Caribbean tradition with Modern Jazz

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Thursday February 21, 2019

From The New Orleans Advocate

Etienne Charles’ blend of Caribbean tradition with modern jazz coming to Manship Theatre
By: John Wirt

Carnival in the Caribbean, a riotous spectacle of drums, rhythm, dance, color and phantasmagorical characters, inspires jazz trumpeter and composer Etienne Charles. ‘I have always thought of Carnival as an all-encompassing art form that has elements of music, dance, theater, costume design, improvisation, satire, comedy,’ Charles said ahead of his performance at the Manship Theatre, Wednesday, Feb. 27.

[…] Following the biscuit tins intro on his composition “Jab Molassie,” Charles’ and his band enter with ethereal piano notes and an otherworldly theme stated by trumpet and alto saxophone. He shapes cool American jazz around the Trinidadian percussion.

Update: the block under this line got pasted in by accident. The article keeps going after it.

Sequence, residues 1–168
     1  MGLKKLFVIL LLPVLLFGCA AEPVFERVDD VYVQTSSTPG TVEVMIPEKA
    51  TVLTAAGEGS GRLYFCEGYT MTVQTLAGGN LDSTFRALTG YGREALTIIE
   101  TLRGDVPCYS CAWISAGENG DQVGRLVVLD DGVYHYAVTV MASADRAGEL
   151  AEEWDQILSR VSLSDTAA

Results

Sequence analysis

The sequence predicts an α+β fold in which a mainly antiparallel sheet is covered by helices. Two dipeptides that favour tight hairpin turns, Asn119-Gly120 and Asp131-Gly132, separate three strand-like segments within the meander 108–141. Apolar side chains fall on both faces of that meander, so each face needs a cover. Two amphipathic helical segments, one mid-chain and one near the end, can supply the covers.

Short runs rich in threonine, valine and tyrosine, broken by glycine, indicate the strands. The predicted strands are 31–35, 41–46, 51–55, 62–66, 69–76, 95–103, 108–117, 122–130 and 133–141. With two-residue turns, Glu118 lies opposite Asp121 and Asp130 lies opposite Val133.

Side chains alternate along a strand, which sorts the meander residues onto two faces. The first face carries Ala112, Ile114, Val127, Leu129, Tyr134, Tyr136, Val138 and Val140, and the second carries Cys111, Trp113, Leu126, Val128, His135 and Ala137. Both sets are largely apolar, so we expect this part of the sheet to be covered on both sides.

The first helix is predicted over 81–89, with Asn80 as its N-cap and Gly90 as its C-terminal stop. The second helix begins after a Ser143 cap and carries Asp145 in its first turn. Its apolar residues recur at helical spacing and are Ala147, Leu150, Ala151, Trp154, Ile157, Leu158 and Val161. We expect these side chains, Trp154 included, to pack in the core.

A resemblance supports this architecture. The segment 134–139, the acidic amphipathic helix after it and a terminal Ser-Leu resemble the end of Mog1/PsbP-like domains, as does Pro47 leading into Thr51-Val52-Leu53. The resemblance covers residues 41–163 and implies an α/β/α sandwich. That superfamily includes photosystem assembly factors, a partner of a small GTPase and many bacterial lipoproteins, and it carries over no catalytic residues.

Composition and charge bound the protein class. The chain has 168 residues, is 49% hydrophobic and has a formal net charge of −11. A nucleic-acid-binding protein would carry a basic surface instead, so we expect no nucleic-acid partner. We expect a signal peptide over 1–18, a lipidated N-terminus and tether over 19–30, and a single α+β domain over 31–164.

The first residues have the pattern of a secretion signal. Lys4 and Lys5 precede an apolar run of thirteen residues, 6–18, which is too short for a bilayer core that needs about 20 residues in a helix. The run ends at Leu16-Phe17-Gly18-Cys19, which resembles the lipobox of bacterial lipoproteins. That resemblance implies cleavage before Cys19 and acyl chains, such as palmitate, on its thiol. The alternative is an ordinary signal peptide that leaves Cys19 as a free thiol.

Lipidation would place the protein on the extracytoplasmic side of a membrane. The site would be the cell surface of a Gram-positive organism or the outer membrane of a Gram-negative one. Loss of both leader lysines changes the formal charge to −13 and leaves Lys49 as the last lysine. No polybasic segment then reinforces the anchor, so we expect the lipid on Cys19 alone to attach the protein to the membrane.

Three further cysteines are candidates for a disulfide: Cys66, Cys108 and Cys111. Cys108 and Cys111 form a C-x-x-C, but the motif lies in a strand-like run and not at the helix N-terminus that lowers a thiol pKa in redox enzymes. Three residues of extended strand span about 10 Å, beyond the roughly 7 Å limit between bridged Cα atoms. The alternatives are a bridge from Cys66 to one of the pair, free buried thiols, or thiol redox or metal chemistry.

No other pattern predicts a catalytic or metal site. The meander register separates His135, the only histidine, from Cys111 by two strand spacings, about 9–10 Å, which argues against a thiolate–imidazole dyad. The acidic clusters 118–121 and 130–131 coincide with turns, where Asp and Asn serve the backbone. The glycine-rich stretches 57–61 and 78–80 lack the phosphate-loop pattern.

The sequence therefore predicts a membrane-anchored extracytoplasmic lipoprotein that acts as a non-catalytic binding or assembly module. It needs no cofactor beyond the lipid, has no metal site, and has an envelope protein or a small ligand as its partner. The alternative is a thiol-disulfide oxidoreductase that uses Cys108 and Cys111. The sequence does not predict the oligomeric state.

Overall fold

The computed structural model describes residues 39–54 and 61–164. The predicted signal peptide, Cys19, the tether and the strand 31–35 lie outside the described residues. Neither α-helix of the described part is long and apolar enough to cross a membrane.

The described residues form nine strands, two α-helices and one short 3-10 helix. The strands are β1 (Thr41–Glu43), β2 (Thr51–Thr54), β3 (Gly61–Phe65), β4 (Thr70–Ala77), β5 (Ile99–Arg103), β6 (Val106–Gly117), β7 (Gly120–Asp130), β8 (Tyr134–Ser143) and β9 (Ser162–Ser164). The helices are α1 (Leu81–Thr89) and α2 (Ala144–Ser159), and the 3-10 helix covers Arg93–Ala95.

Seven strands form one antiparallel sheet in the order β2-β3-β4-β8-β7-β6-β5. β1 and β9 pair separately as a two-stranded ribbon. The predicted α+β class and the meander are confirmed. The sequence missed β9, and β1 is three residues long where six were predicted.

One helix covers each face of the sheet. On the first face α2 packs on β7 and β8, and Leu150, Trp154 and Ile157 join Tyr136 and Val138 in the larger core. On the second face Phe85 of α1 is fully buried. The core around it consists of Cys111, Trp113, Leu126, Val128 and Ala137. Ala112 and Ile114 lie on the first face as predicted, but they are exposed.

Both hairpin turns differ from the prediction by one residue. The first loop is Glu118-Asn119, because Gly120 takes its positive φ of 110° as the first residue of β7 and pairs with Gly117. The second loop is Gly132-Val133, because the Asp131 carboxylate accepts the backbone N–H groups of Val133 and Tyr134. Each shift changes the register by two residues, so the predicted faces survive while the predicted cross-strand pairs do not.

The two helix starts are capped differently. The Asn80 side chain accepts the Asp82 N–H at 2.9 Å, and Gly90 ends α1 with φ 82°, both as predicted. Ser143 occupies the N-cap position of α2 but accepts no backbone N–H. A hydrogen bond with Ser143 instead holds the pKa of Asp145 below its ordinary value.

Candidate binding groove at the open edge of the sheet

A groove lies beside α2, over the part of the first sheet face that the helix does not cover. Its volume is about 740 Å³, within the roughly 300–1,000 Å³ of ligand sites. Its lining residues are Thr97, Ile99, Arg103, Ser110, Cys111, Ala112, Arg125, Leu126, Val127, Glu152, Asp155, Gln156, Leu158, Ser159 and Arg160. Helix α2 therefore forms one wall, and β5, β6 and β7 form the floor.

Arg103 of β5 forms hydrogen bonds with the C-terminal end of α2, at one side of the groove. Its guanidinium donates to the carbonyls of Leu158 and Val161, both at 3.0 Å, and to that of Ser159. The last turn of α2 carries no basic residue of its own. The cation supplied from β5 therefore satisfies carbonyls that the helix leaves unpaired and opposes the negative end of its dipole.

Taking their cue from the Trinidadian drummers, Charles and three more percussion players approximate the island’s drumming throughout ‘Carnival: The Sound of a People, Vol. 1.’ Charles alone plays congas, djembe, keg drum, duddup, bongos, shakers, cowbell, iron and caj√≥n.

For ‘Dame Lorraine,’ another of the album’s Carnival character-based pieces, trumpet and two saxophones play a boisterous tune that would fit naturally in a New Orleans brass band performance. In his trumpet solo on the song, Charles also shows skill and imagination of the kind pioneered by the traditional jazz trumpeters he emulated, many of whom came from New Orleans.

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